The General Strike of November 2012 and Anti-Austerity Protests – Evidence from the Portuguese Case

Monday, 11 July 2016: 15:15
Location: Hörsaal 16 (Main Building)
Oral Presentation
Lídia FERNANDES, Faculty of Economics – University of Coimbra – Portugal. Researcher at Dinamia'CET-IUL, Centre for Socioeconomic Change and Territorial Studies, Portugal
Hugo DIAS, Institute of Economics - State University of Campinas, Brazil
The economic and financial crisis of 2008 contributed to intensify the discontent on a global scale. After a first increase of conflict there is, as of 2010, a further intensification of protest having as mobilizing axis opposition to austerity policies. In Portugal, the first signs of mobilization came from the trade union movement, but the emergence of new actors allowed its social ampliation. Two new trends emerged: the innovation of action repertoires, not only by introducing new forms of collective action but also by a somewhat renewed recovery of “old” instruments of struggle - including strikes; a significant growth of transnational mobilizations, including the choice of common dates or the denunciation of the role of global political and financial institutions, such as the IMF, the ECB or the EU.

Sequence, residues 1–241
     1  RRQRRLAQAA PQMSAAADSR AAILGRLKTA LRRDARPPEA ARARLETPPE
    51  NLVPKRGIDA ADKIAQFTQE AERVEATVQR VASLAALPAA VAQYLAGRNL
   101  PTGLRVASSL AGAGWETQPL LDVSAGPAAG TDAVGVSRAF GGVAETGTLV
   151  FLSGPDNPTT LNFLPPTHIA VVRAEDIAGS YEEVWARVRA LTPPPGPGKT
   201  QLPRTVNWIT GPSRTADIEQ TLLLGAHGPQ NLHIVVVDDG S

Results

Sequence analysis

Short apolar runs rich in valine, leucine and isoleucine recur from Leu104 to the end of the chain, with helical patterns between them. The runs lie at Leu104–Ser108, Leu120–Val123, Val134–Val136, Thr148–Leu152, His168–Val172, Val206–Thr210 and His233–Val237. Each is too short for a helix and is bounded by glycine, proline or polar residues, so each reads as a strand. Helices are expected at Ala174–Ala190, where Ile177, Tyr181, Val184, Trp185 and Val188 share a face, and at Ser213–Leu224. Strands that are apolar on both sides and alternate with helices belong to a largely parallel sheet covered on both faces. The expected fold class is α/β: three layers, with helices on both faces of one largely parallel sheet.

In this article, we address the general strike of November 14, 2012 to, from the Portuguese case, examine the role of general strikes in this wave of protest. The study seeks to explore its insertion in the conflictual dynamics of this period, not only for their transnational dimension as on the relationship between actors - particularly between trade unions and new political actors involved in anti-austerity protests.

Therefore, we begin by looking at the changes in the power resources of organized labour seeking to identify their strategic challenges and possibilities of revitalization of collective action. Next, we present an overview of the contentious dynamics in Portugal, on the eve and during the anti-austerity protests between 2010 and 2013 and point out to the political, economic and social context in which they occurred. Finally, we seek to contribute to clarify the nature of this episode, raising some questions for further deepening the study of the role of general strikes as a strategic instrument of the working classes.